Court setback for Guptas and their lawyers
The Free State High Court has ruled that law firm BDK Attorneys has no authority to act for a Gupta-owned company.
The National Prosecuting Authority (NPA) has successfully challenged the legal authority of Gupta lawyers BDK Attorneys to act for one of the family’s companies in restraint proceedings.
The High Court in the Free State has ruled that the law firm did not have authority to act on behalf of the Gupta-owned Islandsite Investments 180 because the company is in business rescue and under the control of business rescue practitioners (BRPs) Kurt Knoop and Louis Klopper. Judge Cagney Musi concluded that Islandsite had no right to authorise BDK to oppose the restraint proceedings without the authority of the BRPs.
“Therefore, BDK had no proper mandate to appear on behalf of the third defendant [Islandsite]. The company’s decision is void for lack of approval by the business rescue practitioners,” the ruling, handed down on Wednesday, reads.
The court also found that neither the Guptas, as shareholders of the company, nor their employees Ronica Ragavan and Ashu Chawla — the two directors of the company — had legal standing to oppose the NPA’s restraint proceedings.
The Investigating Directorate (ID) of the NPA obtained an interim restraint order against the Guptas and their former associate Iqbal Sharma following the businessman’s arrest in connection with a R24.9-million criminal case in the Free State in June.
Atul and Rajesh Gupta and their wives, Chetali and Arti, are Sharma’s co-accused in this criminal case, but the four are fugitives from justice and South Africa has submitted a request for Interpol Red Notices for them. Sharma is out on bail of R500,000.
The Guptas had hoped to oppose the draft order being made permanent when the restraint case returned to court last week.
However, this move was scuppered when the ID questioned the authority of BDK to represent Islandsite on the instruction of Ragavan, a longtime Gupta enterprise employee and director of the company.
Ragavan had declared that she was authorised to represent Islandsite in the case and to depose an answering affidavit on its behalf. She said she was authorised to appoint the law firm and contended that there was a dispute about whether Islandsite was in fact still in business rescue. This is because the Guptas are in the process of appealing against a previous court defeat at the Constitutional Court.
Part of Ragavan’s argument was that even if the court deemed the company to still be in business rescue, BRPs Knoop and Klopper could not really purport to represent the company in criminal proceedings.
That, Ragavan had said, remained a function of the directors of the company. Besides, the BRPs have no knowledge of the merits of the restraint application or of the alleged criminal charges it stems from, Ragavan had charged.
The court found that it was correct that the directors of the company remained as such during business rescue. However, it found that they operate under the authority of the BRPs. If they were to perform any governance functions without the authorisation, consent, instruction or direction of the business rescue practitioners, that would give rise to an undesirable parallel management of a company, the order states.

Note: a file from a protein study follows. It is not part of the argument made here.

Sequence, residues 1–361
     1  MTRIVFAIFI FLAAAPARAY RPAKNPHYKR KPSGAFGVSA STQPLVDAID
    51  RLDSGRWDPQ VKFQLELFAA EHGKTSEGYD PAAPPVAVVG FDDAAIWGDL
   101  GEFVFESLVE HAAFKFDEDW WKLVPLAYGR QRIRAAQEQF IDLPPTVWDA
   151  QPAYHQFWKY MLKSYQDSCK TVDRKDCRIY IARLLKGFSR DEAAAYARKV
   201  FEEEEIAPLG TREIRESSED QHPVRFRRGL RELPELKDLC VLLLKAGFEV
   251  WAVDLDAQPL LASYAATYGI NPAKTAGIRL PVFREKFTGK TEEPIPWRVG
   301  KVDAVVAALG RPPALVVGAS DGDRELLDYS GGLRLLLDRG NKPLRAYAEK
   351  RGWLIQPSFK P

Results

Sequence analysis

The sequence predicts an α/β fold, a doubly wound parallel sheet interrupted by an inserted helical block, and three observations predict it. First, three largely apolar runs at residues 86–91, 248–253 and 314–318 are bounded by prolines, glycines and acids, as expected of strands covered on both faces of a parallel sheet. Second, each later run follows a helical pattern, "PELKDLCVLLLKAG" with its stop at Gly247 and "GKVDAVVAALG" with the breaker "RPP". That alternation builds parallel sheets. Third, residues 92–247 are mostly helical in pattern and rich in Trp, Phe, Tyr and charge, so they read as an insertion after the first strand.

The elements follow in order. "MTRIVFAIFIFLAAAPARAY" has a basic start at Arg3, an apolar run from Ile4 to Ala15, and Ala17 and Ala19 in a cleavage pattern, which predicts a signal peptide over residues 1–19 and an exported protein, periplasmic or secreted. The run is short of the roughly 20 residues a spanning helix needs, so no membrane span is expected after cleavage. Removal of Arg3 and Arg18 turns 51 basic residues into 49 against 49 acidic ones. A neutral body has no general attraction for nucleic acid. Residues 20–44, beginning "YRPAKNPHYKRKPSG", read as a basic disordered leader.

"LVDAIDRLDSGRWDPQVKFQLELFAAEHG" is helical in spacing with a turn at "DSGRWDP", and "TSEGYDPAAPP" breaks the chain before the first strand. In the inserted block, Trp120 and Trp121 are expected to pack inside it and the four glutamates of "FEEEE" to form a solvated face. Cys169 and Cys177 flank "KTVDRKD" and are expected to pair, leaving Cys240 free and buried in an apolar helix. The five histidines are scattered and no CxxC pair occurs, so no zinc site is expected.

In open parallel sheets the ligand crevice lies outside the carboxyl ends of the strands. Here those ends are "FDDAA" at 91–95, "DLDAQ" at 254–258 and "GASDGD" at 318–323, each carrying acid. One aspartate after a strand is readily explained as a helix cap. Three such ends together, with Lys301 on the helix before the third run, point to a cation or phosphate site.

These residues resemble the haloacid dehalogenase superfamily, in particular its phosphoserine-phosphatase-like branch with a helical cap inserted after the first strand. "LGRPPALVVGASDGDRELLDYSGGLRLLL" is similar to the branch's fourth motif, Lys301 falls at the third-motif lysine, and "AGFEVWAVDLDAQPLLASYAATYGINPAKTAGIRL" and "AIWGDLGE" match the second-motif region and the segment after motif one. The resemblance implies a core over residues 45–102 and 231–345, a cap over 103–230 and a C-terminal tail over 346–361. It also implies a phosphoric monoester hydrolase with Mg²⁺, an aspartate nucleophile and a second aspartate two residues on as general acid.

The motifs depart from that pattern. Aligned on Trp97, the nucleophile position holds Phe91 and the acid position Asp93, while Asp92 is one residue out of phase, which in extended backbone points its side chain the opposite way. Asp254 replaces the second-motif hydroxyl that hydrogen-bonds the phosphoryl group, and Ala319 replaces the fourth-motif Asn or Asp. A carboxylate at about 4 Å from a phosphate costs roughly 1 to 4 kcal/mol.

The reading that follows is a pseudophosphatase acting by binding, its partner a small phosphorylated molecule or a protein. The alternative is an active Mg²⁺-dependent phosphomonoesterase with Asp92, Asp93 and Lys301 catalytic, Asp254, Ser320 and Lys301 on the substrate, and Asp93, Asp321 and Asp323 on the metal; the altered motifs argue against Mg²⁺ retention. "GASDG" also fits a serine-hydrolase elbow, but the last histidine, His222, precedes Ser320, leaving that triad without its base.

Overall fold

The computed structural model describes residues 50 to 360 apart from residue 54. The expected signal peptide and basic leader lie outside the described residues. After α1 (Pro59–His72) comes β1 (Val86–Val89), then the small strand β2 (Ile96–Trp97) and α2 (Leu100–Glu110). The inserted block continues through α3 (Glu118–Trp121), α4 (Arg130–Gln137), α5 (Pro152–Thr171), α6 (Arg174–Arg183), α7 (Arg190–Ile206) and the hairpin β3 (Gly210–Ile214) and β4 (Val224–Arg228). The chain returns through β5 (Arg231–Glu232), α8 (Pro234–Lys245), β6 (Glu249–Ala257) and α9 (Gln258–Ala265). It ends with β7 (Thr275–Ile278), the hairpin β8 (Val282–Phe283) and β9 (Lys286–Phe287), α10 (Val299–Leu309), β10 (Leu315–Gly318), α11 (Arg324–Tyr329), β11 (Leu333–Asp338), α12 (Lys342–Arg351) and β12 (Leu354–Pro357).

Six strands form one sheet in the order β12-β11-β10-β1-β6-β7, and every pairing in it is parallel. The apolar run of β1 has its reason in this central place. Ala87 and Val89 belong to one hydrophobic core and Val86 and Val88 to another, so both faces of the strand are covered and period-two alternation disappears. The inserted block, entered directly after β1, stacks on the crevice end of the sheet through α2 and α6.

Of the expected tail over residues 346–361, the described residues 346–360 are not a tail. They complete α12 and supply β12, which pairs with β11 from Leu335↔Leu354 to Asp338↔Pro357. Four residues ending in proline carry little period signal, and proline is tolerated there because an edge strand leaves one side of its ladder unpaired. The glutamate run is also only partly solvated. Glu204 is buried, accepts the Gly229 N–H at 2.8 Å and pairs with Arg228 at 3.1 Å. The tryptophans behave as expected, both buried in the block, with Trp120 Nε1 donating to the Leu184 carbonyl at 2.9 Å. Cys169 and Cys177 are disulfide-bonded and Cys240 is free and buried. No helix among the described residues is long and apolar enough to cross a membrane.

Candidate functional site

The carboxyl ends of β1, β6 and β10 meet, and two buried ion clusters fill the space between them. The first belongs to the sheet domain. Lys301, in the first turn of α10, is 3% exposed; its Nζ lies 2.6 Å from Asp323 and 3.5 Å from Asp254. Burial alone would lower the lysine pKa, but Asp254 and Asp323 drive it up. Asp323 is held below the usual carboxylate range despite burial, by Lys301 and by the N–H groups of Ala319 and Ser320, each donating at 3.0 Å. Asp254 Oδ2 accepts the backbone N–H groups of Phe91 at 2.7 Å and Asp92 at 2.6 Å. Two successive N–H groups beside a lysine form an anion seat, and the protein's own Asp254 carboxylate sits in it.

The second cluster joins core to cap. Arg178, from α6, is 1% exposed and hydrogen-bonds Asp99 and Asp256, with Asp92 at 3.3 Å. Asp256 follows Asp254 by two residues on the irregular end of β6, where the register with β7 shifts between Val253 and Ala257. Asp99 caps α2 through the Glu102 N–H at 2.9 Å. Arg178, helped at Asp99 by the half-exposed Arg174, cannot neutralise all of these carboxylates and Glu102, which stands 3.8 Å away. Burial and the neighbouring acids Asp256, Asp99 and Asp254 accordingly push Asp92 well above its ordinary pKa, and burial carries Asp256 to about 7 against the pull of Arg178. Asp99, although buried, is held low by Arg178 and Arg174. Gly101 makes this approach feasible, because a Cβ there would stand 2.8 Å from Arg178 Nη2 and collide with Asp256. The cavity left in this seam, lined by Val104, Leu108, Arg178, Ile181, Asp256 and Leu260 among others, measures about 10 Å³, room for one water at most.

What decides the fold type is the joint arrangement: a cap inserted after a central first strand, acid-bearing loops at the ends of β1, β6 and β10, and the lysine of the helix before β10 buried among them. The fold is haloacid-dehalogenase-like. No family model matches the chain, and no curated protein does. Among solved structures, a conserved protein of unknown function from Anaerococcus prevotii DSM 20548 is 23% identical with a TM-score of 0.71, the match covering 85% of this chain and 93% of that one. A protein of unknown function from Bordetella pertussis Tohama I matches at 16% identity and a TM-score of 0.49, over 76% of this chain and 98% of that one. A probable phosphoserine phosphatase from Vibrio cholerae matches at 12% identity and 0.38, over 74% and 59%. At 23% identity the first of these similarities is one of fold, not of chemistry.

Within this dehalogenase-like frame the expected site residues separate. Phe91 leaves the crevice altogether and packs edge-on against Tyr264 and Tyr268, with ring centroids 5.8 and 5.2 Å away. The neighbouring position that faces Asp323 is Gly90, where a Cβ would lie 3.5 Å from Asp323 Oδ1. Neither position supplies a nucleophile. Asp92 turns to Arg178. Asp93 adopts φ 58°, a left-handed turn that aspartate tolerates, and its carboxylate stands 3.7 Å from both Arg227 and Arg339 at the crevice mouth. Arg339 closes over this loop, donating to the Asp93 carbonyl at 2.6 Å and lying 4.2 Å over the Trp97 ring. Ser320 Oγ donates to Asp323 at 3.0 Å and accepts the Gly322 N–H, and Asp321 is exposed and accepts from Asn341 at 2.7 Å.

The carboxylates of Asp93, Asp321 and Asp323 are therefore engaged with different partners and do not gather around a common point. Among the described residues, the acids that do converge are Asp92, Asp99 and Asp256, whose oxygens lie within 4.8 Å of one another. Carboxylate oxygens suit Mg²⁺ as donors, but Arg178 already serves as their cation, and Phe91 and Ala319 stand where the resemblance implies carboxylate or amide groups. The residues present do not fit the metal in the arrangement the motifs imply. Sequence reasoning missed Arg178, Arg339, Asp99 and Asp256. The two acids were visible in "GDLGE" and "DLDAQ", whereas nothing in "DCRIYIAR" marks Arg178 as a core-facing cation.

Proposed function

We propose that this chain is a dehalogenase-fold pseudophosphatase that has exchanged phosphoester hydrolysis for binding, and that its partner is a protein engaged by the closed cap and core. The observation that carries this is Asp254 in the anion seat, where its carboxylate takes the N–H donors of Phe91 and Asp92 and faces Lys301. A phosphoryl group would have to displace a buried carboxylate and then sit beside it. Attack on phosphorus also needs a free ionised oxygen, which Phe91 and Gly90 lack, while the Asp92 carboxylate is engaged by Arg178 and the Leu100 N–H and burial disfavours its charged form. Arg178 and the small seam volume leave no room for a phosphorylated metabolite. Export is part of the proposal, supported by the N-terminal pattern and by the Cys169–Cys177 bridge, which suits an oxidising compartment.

“It would effectively mean that the directors may hold meetings and resolve to institute or defend legal proceedings without the intervention or knowledge of the business rescue practitioners. This cannot be correct.
“Costs orders against a financially distressed company may have far-reaching implications for the implementation of a business rescue plan and may result in the company not achieving a better return for its creditors or shareholders. This, on its own, is more than enough reason why the business rescue practitioners must be centrally involved when litigation on behalf of the company in business rescue is embarked upon.”
In this case, Knoop and Klopper had not delegated authority to anyone. The Guptas have been involved in a drawn-out battle with the BRPs since eight of their companies went into voluntary business rescue in February 2018.
They obtained a high court order to snatch back control of Islandsite, but the BRPs subsequently had that order set aside when they successfully fought it at the Supreme Court of Appeal (SCA).
The Guptas then approached the Constitutional Court — albeit outside the prescribed period. As a result, their application to appeal against the SCA ruling at the apex court hinges first on a decision on whether the Constitutional Court will condone their late filing application. It is based on this that the NPA argued there were no grounds to suspend the SCA order which had confirmed Knoop and Klopper as the rightful BRPs.
This is because, technically, there is no Constitutional Court application as yet so Islandsite remains in business rescue with the Guptas — for now — having no say in whether the restraint should be challenged in court.
That case returns to court for final argument in November.
BDK Attorneys, one of the country’s foremost criminal law outfits, represents the Guptas across a multitude of court battles, including Atul Gupta’s fight against the minister of home affairs for a new passport. DM
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